Red, raw, ripe, fresh tomatoes, brimming with vitamins, minerals, and a rare strain of Salmonella. That’s what the Food and Drug Administration says about raw tomatoes in the Lone Star State and the Land of Enchantment.
FDA suggests that residents of Texas and New Mexico make salads with cherry tomatoes, grape tomatoes, tomatoes sold with the vine attached, and tomatoes grown at home, which have not been implicated in the outbreak. Don’t eat plum, roma, or big ol’ round tomatoes. Symptoms of Salmonella infection are particularly unappetizing and do not go well with salad, so we will merely link to them, but fatalities are not unknown.
The Centers for Disease Control has identified samples of Salmonella SaintPaul with the same genetic fingerprint in a number of states (including Virginia) since April, 24 of them in Texas and 33 in New Mexico. CDC has detailed consumer advice on tomato handling, storage, and consumption. Packing houses and distributors have been identified as disease vectors in past outbreaks.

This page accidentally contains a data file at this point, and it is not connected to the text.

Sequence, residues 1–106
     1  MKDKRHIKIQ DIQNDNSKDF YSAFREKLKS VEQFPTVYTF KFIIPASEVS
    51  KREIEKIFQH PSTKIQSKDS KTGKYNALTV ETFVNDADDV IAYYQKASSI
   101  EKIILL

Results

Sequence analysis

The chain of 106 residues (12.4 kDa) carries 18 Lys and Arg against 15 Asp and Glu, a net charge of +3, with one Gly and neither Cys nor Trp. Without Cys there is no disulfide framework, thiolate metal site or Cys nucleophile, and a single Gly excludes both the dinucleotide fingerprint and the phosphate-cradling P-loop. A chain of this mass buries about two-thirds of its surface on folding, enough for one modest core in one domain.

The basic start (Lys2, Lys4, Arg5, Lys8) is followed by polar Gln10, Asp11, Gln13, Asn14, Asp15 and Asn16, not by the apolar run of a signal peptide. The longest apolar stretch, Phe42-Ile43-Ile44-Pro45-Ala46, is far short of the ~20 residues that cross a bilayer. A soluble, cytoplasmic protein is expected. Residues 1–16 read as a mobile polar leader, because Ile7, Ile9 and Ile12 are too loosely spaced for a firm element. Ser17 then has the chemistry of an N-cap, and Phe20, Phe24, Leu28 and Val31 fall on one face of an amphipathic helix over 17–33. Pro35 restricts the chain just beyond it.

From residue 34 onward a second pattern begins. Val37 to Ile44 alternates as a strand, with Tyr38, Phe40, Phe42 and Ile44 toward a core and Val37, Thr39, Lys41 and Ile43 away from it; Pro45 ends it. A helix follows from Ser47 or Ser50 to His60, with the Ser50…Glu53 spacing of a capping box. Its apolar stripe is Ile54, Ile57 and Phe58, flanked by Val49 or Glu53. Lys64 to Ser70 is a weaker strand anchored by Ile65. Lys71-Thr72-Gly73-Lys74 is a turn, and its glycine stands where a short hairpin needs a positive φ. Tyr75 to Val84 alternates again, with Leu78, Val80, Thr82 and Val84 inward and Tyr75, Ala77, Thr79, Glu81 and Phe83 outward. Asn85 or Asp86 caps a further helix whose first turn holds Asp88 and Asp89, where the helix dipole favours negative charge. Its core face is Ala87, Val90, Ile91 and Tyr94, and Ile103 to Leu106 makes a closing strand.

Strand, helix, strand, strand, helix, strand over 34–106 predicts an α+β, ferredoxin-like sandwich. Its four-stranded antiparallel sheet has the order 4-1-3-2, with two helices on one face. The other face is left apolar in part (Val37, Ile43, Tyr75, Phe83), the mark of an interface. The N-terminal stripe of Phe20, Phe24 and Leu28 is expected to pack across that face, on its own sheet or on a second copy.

FDA’s June 2007 publication noted:
Most tomato-associated outbreaks over the past ten years have been traced to product originating from the Eastern shore of Virginia and from Florida; however outbreaks have also been traced to Georgia, South Carolina, Ohio, and California.
Time to add Texas and New Mexico, partner. Is it safer to stick to barbecue until this is over? Happy trails.
Image by Mike Licht, created with dill pixels, not raw tomatoes. Download a copy here. Creative Commons license; credit Mike Licht, NotionsCapital.com